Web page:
The Style Column: How to Pull Off Scarves

Is your scarf turning you into an a-hole?

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Queuing up politely to buy a coffee and a jelly doughnut recently in a bustling cafe in Montauk, New York, I got to the front and ordered a cappuccino from the elderly lady behind the counter. While she went off to make the coffee, another elderly lady asked me if I wanted anything. “Yes please,” I said, “three of those delicious-looking doughnuts.” When the lady with the coffee returned, and saw someone else was getting the doughnuts, all hell broke loose.

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“Sir!” she shouted loudly so everybody could hear. “That is not fair!” Pardon? “That is not fair. One helper per person. We are busy, sir!” She then yelled to everyone in the cafe: “OK, we have a problem here!” All eyes glared at me.

The problem was I should have been helped by only one person: two people helping me with my order – even though that help was proffered, not requested – was deemed a crime of monstrous selfishness. Of course, I was mortified. As I sheepishly carried away my coffee and doughnuts (they weren’t all for me, by the way) past the long queue at the door someone muttered, “Asshole!”

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It may be because of this traumatic episode that I’m currently reading an entire book about assholes by an American philosopher called Aaron James. In Assholes: A Theory (Doubleday), he looks at what makes an asshole, and how to handle them, so to speak. There are many types of asshole to be found – more often male than female, apparently – but there is one particular form of asshole he describes that seems especially prevalent in the fashion world: the Delusional Asshole. The philosopher describes one of the main traits of the Delusional Asshole as an inability “to pick up his reflection in the eyes of others, from what is evident to all”.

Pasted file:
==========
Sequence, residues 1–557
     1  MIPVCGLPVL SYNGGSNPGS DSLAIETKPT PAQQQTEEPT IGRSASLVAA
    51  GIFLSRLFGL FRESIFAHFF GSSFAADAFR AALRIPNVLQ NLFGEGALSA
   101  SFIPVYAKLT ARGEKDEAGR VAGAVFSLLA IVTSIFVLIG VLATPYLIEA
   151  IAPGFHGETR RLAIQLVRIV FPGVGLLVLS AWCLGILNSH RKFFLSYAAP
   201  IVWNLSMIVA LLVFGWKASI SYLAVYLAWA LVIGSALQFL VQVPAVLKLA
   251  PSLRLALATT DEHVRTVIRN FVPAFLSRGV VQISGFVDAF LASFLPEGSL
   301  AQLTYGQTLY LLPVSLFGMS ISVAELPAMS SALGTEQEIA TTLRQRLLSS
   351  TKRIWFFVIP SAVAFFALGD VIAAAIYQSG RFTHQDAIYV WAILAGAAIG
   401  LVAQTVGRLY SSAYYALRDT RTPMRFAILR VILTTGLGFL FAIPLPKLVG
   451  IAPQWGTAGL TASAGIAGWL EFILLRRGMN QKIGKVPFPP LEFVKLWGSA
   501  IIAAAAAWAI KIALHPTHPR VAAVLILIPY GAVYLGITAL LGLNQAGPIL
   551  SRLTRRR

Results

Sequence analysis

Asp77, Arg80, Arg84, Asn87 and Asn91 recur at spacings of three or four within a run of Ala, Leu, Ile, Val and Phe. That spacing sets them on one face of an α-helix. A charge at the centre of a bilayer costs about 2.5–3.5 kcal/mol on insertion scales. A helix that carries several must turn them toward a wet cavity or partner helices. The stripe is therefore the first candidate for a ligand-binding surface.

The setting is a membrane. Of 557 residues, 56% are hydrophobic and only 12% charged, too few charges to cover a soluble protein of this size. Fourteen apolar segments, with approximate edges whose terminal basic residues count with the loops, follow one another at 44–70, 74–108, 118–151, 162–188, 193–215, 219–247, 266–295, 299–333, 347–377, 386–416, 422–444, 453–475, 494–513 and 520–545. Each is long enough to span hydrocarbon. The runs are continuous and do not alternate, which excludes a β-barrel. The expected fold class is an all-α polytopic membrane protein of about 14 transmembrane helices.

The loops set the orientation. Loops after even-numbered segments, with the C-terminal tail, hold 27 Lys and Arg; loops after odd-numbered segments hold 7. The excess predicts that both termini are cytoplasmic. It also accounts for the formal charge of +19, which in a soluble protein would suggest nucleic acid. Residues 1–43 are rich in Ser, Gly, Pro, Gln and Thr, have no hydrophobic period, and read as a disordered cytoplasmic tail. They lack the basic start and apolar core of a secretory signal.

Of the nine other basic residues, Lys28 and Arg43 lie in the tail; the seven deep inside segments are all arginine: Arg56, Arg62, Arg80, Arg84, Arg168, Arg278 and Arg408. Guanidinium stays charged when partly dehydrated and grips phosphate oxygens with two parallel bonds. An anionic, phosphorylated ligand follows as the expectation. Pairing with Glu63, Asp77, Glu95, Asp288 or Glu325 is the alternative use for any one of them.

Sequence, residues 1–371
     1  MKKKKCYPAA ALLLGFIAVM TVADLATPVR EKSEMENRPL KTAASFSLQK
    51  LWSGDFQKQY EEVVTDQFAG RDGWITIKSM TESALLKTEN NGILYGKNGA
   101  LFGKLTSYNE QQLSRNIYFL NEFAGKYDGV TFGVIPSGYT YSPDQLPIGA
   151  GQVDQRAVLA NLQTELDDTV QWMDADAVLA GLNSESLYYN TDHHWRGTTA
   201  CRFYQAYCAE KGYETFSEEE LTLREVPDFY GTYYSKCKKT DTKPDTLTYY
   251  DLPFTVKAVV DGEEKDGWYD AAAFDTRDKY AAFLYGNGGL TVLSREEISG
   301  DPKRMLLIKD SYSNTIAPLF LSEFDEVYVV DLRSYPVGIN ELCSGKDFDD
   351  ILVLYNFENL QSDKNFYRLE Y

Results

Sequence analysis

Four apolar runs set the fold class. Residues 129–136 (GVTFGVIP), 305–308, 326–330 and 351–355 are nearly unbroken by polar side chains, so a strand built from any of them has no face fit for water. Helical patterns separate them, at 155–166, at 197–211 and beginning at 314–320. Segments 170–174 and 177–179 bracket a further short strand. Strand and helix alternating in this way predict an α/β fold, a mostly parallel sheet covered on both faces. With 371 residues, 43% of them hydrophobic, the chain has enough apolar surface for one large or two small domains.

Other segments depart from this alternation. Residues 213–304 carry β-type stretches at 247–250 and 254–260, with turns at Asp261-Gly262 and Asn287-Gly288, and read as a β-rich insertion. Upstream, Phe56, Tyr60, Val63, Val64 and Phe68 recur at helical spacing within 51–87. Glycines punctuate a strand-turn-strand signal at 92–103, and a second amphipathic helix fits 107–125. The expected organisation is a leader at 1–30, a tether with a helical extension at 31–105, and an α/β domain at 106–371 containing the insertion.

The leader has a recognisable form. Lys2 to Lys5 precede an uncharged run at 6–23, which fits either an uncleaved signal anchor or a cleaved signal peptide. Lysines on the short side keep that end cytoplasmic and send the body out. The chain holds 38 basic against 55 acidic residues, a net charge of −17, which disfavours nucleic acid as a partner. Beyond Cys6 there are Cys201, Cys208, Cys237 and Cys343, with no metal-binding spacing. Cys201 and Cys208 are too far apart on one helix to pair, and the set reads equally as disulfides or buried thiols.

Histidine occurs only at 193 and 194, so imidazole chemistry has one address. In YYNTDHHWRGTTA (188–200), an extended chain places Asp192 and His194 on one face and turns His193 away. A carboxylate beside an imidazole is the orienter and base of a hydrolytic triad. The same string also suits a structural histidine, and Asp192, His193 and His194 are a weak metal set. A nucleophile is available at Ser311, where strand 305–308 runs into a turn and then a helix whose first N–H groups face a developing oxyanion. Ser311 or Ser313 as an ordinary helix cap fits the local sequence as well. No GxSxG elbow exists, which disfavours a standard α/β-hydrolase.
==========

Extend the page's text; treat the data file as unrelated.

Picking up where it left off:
Naturally, the subjects of various street style blogs, plus a number of people spotted in and around numerous fashion hubs, quickly spring to mind. As does a recent survey reported in the Daily Mail on what women don’t like to see men wear. Some of the choices were obvious: they don’t like men in socks and sandals, Ugg boots, Lycra or baggy grey tracksuit bottoms. Others were a little more controversial: low-slung V-neck T-shirts (they’ve got a point), trousers with elasticated hems (oh, just bought a pair), pink jeans and girly scarves.Effectively, the ladies polled thought the garments listed above made men look a bit of an asshole.

The question of scarves is an interesting one, especially at this time of year when the chances are that we’re all carrying one around. So, what makes a girly scarf? Assuming they’re not talking about men with Hermès silk numbers draped over their shoulders, they must be referring to one of two things: either the fashion for summer scarves (flighty bits of fabric worn loosely and pointlessly, if you ask me, around the neck), or the current penchant for tying perfectly reasonable woollen or cashmere scarves in ever more elaborate ways and places.

Men’s scarves do seem to be getting a little too fancy – or assholey – for their own good. They also seem to be appearing on parts of the body far removed from the neck. In Milan and Florence, there’s a growing clique of dandyish men who like to wear their scarves all over the place: around their trousers as belts; around their chests like some over-embellished Napoleonic general; wrapped around their necks so many times all you can see is a small tuft of hair peering out from the top. It looks like an army of gay mummies has escaped from the Egyptian rooms at the British Museum.

Sometimes it can be all-too fine a line between something looking perfectly stylish and making you look like a complete asshole. So watch out: it can be the way you wear it, or when you wear it. For example, in winter do not, as some have found necessary, wear shoes without socks: in summer, good; in winter, asshole. Likewise, beanies in the winter, cosy; beanies in the summer (especially prevalent this year), asshole. Trousers rolled up twice to reveal a bit of sock, nice; rolled up so your trousers appear three-quarter length, asshole. The current trend for high-tech, brightly coloured fashion trainers (eg, Raf Simons) is cool when worn with a plain pair of jeans and neutral top. But, pick out one of the colours in your footwear to wear in a matching top, asshole.

You get my drift. Small and subtle shifts can turn an outfit from nice to nasty. According to Aaron James, an asshole is made not born, so keep an eye on the details this winter, and never ever allow more than one old lady to fetch you a coffee and a jelly doughnut. Or three.

Originally published in January 2014.

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JEREMY LANGMEAD ON:

Men's Underwear
Wardrobe Management
The Eighties Revival
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